There are price levels where the risk of fraud and abuse may outweigh the costs of enforcement and compliance. People who travel to other countries cannot carry more than $10000 in cash without reporting it. The risk is money laundering and drug running.

Regulating everything or regulating nothing always leads to huge Type I/Type II errors. Reasonable people can disagree on the appropriate level of compromise.

Comment: Re:More garbage (Score 2) 353 353

by madro (#45969791) Attached to: Programmer Privilege

The article was adapted from a longer blog post. In the adaptation, they linked to Psychology Today (ugh) to discuss "micro-inequities" as the initial term for phenomena that were later covered under the term unconscious bias or implicit bias. Having it doesn't make you racist or sexist; it's as human as risk aversion and loss aversion, both well studied. But like risk aversion or loss aversion, implicit bias can dissuade humans from making an optimal, economically rational decision. It takes self-awareness and practice to overcome these tendencies (and then only sometimes).

If you can't explain it, and you can't define it, and you can't trace it back, perhaps it's not real.

These have been studied for decades in psychology, social psychology, and sociology. Do you really expect a full lit review in an article in the popular press, adapted from a blog post by an academic who is speaking from personal experience about topics not in his core field?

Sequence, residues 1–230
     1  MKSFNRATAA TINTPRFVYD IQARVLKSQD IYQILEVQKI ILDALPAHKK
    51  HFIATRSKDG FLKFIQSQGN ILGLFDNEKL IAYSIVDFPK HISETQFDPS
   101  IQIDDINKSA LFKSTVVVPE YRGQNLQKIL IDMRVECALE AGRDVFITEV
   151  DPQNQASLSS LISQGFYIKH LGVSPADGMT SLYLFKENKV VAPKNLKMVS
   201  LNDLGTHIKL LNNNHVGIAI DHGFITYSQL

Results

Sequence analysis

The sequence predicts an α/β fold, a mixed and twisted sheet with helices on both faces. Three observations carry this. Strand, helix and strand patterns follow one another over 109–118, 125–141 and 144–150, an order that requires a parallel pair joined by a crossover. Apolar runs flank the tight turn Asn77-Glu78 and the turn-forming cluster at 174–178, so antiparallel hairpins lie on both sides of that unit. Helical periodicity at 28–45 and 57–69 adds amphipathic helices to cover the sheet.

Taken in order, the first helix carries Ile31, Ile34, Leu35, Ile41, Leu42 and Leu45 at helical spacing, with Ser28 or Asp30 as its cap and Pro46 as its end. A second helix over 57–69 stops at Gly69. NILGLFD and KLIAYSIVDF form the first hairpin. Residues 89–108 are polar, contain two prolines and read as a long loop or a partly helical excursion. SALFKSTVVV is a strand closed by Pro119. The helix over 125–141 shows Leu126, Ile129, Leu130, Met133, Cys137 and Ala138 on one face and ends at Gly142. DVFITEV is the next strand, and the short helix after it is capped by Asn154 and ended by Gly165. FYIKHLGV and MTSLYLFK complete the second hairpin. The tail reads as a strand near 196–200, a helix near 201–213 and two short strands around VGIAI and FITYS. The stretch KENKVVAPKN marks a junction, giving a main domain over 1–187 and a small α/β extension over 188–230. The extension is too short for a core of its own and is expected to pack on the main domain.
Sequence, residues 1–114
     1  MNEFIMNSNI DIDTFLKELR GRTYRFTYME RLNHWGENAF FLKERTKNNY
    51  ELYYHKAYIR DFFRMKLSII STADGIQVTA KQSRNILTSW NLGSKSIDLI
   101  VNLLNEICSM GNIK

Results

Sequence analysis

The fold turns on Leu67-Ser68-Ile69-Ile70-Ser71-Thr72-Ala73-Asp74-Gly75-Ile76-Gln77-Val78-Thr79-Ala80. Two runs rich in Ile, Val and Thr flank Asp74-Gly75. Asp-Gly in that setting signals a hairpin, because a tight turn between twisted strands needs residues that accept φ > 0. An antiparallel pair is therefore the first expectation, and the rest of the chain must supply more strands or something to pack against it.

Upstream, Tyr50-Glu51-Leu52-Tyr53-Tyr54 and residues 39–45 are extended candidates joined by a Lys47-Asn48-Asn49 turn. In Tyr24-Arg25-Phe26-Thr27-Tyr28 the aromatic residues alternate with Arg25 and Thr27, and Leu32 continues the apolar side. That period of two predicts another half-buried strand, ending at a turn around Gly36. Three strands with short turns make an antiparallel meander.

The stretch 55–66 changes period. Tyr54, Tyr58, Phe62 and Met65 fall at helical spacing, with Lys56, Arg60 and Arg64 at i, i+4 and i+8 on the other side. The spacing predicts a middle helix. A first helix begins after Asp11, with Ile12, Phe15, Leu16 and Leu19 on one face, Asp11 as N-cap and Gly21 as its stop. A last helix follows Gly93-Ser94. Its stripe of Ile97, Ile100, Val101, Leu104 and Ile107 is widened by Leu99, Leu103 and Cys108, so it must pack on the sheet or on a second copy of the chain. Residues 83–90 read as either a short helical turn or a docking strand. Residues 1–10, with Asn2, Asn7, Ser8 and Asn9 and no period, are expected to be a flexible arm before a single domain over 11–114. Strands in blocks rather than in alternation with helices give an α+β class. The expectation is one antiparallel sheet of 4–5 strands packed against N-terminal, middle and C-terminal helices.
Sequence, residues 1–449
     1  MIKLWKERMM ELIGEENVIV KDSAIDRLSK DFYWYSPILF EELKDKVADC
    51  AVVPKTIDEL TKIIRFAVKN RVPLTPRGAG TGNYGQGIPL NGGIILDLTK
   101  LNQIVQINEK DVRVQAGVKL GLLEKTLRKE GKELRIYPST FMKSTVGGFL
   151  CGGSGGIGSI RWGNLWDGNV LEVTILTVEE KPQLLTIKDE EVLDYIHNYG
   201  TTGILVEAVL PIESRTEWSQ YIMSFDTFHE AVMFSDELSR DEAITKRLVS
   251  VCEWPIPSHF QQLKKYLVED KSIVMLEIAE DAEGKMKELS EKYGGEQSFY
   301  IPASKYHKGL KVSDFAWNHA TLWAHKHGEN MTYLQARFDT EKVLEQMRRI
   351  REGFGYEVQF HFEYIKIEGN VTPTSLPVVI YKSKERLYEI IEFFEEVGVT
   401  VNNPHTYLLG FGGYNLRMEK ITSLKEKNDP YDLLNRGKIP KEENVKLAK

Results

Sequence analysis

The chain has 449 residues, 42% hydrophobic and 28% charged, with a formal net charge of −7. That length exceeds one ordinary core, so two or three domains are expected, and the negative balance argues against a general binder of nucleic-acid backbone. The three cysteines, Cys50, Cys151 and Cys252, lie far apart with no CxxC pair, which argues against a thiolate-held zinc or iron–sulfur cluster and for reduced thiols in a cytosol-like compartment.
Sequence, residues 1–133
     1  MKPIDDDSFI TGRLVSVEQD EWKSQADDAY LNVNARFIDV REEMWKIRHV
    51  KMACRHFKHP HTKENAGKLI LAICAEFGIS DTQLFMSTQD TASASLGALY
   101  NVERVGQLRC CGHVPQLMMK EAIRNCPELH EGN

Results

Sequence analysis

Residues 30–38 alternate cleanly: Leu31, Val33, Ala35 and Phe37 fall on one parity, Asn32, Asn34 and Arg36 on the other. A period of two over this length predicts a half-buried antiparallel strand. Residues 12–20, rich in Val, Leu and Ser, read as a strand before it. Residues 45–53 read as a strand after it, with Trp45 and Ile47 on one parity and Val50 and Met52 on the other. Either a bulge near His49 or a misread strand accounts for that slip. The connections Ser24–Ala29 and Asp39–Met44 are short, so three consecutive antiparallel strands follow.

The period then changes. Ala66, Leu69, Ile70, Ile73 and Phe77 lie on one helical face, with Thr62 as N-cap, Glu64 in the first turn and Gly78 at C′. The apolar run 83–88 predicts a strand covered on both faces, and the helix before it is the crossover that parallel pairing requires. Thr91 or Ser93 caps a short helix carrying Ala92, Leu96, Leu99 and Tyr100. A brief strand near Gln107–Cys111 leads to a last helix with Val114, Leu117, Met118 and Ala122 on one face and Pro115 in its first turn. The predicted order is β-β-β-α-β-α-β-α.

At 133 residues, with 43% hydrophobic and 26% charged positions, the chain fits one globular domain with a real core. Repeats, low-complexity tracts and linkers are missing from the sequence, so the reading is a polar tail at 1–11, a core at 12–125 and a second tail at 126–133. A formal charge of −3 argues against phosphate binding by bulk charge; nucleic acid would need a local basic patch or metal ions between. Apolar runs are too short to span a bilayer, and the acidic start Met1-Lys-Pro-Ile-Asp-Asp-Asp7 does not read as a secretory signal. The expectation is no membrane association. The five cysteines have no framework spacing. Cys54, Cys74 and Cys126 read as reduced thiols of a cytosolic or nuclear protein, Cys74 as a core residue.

We are scientists.

We are humans. With quirky, bug-prone wetware.

Comment: Re:paper, re-sold (Score 1) 39 39

by madro (#45401699) Attached to: Digital Textbook Startup Kno Was Sold For $15 Million

In the 80's, I learned calculus in a US public high school with a textbook from the 1960's. Well, that, *and* a great math teacher. Making an e-book that presents the material is easy ... making an e-book that actually helps students gain understanding is pretty darn hard.

Comment: Da Vinci was great for me, maybe not for others (Score 5, Interesting) 99 99

by madro (#45334737) Attached to: Robotic Surgery Complications Going Underreported

I needed mitral valve repair surgery, and I was a good candidate for robotic surgery: relatively young, good health (other than the valve), not obese (fat gets in the way). Instead of sawing my sternum and spreading my chest open, the surgeon (who has a lot of experience in both robotic and open heart surgery) was able to go in through my right side and leave a 3-inch scar and three puncture wounds. I was in the hospital Tuesday morning, and out Friday afternoon. I'm grateful to have had access to this technology. The benefits of robotic surgery compared to open heart surgery are clear (at least in my case).